T53E4 Tool – To Assess a System’s Technical and Economic Potential
Publisher: Task 53
T53E4, a technical and economic assessment tool, rates and benchmarks new developments at the system level (proper design and operation). This assessment tool provides a comprehensive database of boundary conditions that are used in various configurations and applications, which means that tool users can assess entirely different types of configurations. Users can obtain information on the efficiency and cost of a solar heating and cooling (SHC) installation and the reference system in a common comparable format. As part of this work, the Task researchers assessed and benchmarked 28 solar heating and cooling systems with the cooling capacity ranging from 5 kW to more than 150 kW.
The tool’s reference system consists of a natural gas boiler and an air-cooled vapor compression chiller. All key results are provided in a normalized form. This means that a specific reference was selected to avoid a discussion about the absolute values and the right choice of boundary conditions.
Results of analyses using the T53E4 tool: The cost ratio is shown on the y-axis over the non-renewable primary energy savings fsav PER-NRE on the x-axis. The graph on the left shows the configurations at southern sites, where cooling demand dominates over the summer. The graph on the right shows results from northern locations, where the need for cooling is lower during the same period
Two main parameters were calculated from the monthly energy balance of each configuration: • The non-renewable primary energy savings (fsav PER-NRE), which compares the non-renewable primary energy demand of an SHC system to those by a reference system. The fsav ranges from 0.3 to 0.94, which means that solar energy replaces 30% to 94% of non-renewable primary energy demand of the reference system.
The cost ratio (CR) to describe the levelized cost of energy (LCOE) of an SHC system as opposed to the LCOE of a reference installation. The LCOE is derived from annuities paid over the lifetime of a system (typically 25 years). A CR below 1, such as 0.8, indicates that the solar device offers a 20% reduction in costs compared to the baseline, while a CR above 1, such as 1.4, describes a system that raises costs by 40%.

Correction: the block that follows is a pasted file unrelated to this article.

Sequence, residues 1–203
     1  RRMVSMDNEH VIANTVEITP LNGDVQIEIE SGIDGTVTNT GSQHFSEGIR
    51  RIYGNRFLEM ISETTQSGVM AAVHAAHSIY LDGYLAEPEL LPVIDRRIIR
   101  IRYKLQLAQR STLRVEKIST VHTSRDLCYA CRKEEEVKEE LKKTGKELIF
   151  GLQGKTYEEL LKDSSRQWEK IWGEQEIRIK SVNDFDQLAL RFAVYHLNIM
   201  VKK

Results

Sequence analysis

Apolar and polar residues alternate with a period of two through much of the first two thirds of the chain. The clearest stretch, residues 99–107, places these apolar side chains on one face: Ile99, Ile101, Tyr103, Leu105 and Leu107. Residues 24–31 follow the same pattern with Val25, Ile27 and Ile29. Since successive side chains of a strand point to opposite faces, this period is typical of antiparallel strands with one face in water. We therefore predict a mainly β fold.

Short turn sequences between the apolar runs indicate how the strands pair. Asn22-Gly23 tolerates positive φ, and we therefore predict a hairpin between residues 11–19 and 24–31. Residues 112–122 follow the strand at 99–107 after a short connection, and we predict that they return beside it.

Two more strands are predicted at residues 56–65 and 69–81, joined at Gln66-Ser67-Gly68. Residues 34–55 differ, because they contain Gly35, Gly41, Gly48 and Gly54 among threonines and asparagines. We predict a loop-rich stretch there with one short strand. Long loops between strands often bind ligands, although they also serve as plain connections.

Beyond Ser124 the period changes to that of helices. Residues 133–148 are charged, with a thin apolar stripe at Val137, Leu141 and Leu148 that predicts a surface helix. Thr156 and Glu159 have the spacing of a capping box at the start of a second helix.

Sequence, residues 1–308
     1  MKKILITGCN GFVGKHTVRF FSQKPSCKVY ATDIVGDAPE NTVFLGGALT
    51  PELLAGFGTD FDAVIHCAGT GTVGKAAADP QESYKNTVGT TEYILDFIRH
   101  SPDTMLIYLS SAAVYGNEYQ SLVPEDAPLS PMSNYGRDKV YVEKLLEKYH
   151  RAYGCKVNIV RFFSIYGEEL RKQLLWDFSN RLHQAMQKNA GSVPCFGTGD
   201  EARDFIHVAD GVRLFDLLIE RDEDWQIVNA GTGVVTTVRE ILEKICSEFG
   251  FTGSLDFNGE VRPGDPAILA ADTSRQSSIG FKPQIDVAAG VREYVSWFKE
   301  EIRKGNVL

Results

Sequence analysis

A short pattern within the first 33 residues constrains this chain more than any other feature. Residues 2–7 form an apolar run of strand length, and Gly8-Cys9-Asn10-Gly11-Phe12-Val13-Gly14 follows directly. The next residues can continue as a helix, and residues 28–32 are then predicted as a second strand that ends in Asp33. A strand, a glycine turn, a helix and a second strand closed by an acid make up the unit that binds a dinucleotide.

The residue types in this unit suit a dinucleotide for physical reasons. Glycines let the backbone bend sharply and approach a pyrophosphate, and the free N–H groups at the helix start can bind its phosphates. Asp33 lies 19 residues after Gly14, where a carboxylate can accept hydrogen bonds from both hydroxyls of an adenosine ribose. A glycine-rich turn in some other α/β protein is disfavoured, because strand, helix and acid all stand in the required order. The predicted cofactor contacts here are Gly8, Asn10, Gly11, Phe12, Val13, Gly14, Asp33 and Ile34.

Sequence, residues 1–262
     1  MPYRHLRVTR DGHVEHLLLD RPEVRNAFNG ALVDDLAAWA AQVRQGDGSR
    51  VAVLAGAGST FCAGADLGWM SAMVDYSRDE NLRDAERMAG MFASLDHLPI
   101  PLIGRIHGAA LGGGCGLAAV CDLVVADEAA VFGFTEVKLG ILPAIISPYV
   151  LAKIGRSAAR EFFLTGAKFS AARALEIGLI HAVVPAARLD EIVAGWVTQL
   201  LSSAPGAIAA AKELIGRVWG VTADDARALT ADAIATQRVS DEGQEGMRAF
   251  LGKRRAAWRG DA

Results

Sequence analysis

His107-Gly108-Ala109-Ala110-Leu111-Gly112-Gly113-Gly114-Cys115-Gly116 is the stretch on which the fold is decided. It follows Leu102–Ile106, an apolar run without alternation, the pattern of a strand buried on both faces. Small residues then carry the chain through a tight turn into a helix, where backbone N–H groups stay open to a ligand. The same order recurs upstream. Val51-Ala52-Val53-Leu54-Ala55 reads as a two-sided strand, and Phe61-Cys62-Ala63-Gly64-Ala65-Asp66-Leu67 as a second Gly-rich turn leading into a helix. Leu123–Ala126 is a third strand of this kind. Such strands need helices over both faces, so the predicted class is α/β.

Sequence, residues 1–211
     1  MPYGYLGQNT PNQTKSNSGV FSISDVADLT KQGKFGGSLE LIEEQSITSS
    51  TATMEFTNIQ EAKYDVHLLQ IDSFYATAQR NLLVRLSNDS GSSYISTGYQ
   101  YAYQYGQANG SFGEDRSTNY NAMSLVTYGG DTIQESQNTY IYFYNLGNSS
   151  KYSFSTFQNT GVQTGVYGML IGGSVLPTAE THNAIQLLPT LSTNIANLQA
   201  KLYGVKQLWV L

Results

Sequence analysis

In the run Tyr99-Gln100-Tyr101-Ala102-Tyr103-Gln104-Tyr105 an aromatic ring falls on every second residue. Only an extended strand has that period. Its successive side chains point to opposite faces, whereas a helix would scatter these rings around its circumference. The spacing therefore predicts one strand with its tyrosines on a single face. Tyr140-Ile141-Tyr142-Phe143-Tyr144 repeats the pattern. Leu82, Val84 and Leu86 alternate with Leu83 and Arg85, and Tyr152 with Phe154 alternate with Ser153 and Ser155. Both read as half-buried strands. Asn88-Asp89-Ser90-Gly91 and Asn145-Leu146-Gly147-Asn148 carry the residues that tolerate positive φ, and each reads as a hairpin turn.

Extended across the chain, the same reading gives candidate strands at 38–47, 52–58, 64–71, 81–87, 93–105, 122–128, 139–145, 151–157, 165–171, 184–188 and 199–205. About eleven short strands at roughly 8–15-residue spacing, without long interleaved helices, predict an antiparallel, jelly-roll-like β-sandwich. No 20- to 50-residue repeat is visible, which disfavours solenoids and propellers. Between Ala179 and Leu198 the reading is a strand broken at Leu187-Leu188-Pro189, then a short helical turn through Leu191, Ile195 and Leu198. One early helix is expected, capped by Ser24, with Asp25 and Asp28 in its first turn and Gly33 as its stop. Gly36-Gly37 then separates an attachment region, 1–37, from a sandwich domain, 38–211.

The configurations were then grouped by boundary conditions, for example, whether the location is in the south or north, and identified separate lines for solar heat and PV. Northern installations consist of those in Austria, Finland, Germany, Sweden, and Switzerland. Sites in the south are found in Italy, Spain, France, and China. The southern locations depicted on the left graph below show promising results, with between 40% and 70% of energy savings at a total cost lower than that of the reference systems. This amount of saving is possible for both PV (see dotted line) and solar heat (see continuous line). If the industry could offer reduced system costs by only 15%, energy savings could be as high as 80% and the units would be cost competitive in southern locations.
The cooling systems in northern locations, where there is less demand for air conditioning (graph on the right-hand side above), paint an entirely different picture. Only if primary energy savings are kept to 40% systems can be cost-competitive to references. Aiming for savings of between 60% and 80% will increase costs tremendously. Again, it is the investment that had the strongest impact of all parameters. If investment costs are reduced by at least 30%, cost-effectiveness could be guaranteed along the entire trendline.
What this tool shows is that cost-competitive solar cooling configurations are possible even with today’s investment cost models. And, that solar technologies can be optimized for solar heating and cooling. Whether solar thermal or PV is the more favorable option will mostly depend on the location and the design of the system.
Contacts: Daniel Neyer (email@example.com) / Rebekka Koell (firstname.lastname@example.org)